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It's OK to Be Alive: Learning to Deal With Cancer Survivor's Guilt

Accepting feelings of guilt is not only normal, but it's a part of life.
PUBLISHED January 11, 2017
Bonnie Annis is a breast cancer survivor, diagnosed in 2014 with stage 2b invasive ductal carcinoma with metastasis to the lymph nodes. She is an avid photographer, freelance writer/blogger, wife, mother and grandmother.
She was 66, just a few years older than I. We’d become fast friends and laughed at the fact that we shared not only the same breast cancer diagnosis, but the same first names. She died last week after a valiant fight. When I heard the news, I became extremely depressed. I didn’t realize that what I was feeling was normal. I wasn’t only suffering from grief at the loss of a friend, I was also suffering from survivor’s guilt.
Survivor’s guilt, according to the is, “a feeling of sadness or personal responsibility for managing to live through a terrible event in which others didn't manage to survive.” It felt odd to feel guilty about being alive. Shouldn’t I be happy? But no one explains how to deal with the guilt of surviving, especially where cancer is involved.
Why was I feeling guilty? There was nothing I could have done to have prevented the death of my friend. I knew I’d done all I could to help her through her journey. I’d spent time with her. I’d talked with her on the phone and became a sounding board when she needed a listening ear. I’d sent funny cards in the mail to cheer her when she was down. I’d taken her flowers. I was there for her in good times and in bad and she’d been there for me. We compared notes on our diagnoses and treatment. We talked about our doctors. We understood that cancer had made us more than friends. It had made us sisters.
As I began to process my grief over her death and the fact that I was still living, I was overcome with emotion. For days, I cried. The tears were a healing balm washing over me and allowing me the release I so desperately needed. When I’d cried all the tears I had left to cry, I felt numb. There was nothing more to do or say, or so I thought. That’s when I began writing.
Journaling about my feelings became cathartic. I had no idea how to process what I was feeling, so I just wrote allowing whatever was bottled up inside me to come out. As I wrote, I didn’t try to analyze what I’d written. I didn’t try to compare my way of processing grief with anyone else. As I wrote, my feelings changed from sadness to anger to betrayal to forgiveness and then finally to acceptance. I was surprised at all the emotions I had kept tightly inside.
After letting my words flow freely, I lay my pen down and realized it was okay to still be living. Although I still felt a tiny twinge of guilt, I knew my friend would have been happy to know I’d survived even though she had not. When I came to this realization, I knew I wanted to find a way to honor my friend’s memory but how could I do that?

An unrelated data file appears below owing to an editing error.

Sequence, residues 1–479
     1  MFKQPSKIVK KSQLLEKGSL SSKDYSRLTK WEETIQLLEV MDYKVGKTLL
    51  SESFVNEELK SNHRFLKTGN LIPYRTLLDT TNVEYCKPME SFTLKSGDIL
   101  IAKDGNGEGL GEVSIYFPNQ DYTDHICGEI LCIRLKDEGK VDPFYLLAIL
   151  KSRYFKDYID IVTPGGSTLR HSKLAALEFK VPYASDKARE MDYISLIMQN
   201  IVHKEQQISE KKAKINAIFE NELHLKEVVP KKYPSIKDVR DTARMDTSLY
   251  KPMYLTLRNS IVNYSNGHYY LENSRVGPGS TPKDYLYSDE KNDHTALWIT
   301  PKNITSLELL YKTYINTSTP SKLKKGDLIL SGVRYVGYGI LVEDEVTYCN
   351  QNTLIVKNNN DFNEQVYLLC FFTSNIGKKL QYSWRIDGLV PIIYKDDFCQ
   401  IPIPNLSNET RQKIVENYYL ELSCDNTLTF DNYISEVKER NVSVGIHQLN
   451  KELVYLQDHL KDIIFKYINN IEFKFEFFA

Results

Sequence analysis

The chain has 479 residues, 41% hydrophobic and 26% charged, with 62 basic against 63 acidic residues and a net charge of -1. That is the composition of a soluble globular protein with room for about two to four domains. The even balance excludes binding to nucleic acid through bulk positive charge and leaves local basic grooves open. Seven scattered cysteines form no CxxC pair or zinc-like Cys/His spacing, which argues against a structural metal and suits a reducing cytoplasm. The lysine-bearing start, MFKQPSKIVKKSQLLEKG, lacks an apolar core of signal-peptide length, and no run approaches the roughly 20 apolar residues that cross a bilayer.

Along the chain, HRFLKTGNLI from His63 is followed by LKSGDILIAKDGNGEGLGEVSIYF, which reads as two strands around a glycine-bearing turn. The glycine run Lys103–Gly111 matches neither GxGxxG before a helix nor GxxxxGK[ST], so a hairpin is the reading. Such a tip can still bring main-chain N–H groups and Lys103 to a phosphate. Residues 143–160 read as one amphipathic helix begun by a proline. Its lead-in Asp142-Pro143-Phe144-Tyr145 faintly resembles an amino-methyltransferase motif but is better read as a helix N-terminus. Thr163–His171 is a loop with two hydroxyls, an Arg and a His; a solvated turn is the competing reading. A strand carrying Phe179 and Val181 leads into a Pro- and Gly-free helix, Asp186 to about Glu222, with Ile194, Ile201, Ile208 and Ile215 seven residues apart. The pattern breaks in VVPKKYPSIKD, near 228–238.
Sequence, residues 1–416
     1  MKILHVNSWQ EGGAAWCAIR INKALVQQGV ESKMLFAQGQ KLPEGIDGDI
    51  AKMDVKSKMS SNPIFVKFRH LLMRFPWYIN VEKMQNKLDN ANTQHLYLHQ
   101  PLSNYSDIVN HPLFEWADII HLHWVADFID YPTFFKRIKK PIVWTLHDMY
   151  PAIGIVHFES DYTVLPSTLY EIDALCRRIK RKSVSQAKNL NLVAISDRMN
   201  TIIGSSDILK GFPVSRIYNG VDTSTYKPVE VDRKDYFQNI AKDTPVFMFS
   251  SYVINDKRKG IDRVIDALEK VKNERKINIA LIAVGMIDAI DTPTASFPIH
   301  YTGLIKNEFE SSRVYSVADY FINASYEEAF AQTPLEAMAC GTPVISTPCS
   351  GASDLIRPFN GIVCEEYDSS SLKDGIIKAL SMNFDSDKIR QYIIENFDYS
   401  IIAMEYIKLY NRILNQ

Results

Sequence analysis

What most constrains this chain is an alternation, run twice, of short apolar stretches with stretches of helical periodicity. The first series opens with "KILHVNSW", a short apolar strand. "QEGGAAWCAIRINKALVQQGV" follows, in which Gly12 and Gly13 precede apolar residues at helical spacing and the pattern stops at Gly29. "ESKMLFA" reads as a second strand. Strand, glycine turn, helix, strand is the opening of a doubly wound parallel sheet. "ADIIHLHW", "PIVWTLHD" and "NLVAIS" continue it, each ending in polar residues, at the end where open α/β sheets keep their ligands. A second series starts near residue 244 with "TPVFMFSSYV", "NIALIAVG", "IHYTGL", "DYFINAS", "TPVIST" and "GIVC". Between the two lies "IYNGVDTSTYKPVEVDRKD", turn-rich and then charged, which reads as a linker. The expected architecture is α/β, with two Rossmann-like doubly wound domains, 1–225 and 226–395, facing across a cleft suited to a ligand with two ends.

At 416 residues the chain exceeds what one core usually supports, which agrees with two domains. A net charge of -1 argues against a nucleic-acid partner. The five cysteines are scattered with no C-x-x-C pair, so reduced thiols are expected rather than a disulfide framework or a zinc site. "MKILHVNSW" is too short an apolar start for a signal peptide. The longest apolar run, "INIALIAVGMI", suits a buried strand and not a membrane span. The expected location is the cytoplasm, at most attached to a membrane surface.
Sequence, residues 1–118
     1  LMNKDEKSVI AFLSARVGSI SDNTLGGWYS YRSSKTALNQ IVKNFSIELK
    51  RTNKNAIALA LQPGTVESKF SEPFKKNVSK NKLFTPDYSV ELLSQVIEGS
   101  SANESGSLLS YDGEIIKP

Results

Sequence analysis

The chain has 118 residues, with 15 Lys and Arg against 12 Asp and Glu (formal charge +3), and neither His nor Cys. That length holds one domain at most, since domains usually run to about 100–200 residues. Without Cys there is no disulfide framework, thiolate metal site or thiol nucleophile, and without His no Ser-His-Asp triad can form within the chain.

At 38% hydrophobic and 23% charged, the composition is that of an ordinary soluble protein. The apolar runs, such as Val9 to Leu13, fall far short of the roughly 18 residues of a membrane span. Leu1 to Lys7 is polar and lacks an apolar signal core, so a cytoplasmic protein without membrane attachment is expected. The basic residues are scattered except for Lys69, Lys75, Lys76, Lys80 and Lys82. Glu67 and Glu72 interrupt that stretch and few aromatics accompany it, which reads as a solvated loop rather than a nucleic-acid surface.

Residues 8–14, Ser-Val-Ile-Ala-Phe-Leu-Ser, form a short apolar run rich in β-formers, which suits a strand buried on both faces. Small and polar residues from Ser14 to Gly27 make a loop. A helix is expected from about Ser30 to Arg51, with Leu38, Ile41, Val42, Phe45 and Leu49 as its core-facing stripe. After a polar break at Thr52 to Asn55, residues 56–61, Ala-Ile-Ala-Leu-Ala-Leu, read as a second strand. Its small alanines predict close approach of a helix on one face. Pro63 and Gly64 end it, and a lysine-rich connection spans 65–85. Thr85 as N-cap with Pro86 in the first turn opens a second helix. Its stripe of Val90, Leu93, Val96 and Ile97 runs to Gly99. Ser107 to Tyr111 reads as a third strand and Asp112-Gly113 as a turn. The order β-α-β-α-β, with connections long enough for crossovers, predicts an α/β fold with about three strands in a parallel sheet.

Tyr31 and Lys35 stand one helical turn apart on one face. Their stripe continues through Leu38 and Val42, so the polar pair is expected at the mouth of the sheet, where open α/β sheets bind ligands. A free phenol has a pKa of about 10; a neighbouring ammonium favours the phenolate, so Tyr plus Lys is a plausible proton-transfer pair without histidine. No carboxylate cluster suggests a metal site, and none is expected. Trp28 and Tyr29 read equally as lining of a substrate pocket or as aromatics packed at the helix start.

The first thing I could do was think back on all the special moments we’d shared together. When we’d gotten together to talk about our diagnoses, we’d played a kind of one-upmanship game. We’d giggled over the number of lymph nodes we’d had removed. We’d cackled at the number of medical bills and argued about whose stack was taller. I also could remember all of the wonderful qualities I admired in her. She was resilient and a valiant fighter. She took the punches cancer threw at her and gave them right back anyway she could. When chemo knocked her down, she clawed her way back up. I could also laugh at the way she tried to find humor in awkward situations, like the time I was taking her to the bank and she’d had an accident. She’d lost control of her bowels. Her diaper needed changing. Instead of being embarrassed at the putrid odor filling the car, she asked if we could stop by the closest drugstore to buy a can of air freshener. She even told me she’d spring for it since she’d been the one to cause the need for it. As I began to think about all those memories, I found myself feeling a little less guilty, in fact, I found myself smiling.
Survivor’s guilt isn’t easy to understand, but it’s normal. It’s normal to wonder why you survived and someone else didn’t. It’s OK to be upset and hurt. When we aren’t able to be in control, it’s challenging. Learning to process our feelings takes time. Each person has to find a way to work through their feelings of guilt. For some it will become easier with time. Others may need to talk with a professional counselor who can help guide them through each stage of grief, but the first step toward acceptance is realizing survivor’s guilt is real.
In her book, “If I Stay,” author Gayle Forman says, “I realize now that dying is easy. Living is hard.” And I’d have to agree with her. Survivors have the hard part but we also have the best part. 
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